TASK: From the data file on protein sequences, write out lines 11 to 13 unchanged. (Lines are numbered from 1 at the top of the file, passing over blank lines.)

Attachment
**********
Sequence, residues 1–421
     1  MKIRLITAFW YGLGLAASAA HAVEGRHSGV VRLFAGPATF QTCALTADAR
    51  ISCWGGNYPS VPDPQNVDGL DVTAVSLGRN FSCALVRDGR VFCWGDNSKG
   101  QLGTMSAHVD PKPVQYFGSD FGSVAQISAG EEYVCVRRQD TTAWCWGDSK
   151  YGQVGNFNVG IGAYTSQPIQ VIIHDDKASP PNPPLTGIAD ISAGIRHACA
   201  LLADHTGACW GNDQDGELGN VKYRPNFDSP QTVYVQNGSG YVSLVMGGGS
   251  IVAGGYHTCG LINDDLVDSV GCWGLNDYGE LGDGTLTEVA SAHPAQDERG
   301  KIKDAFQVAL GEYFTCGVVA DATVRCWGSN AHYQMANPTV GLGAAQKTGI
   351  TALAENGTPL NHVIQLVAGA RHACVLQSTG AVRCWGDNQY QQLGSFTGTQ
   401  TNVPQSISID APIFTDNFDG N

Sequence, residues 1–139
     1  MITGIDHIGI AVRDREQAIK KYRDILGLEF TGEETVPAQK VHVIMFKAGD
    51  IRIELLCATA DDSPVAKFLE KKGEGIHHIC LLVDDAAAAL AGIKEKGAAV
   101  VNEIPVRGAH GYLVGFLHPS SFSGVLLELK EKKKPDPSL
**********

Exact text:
Sequence, residues 1–139
     1  MITGIDHIGI AVRDREQAIK KYRDILGLEF TGEETVPAQK VHVIMFKAGD
    51  IRIELLCATA DDSPVAKFLE KKGEGIHHIC LLVDDAAAAL AGIKEKGAAV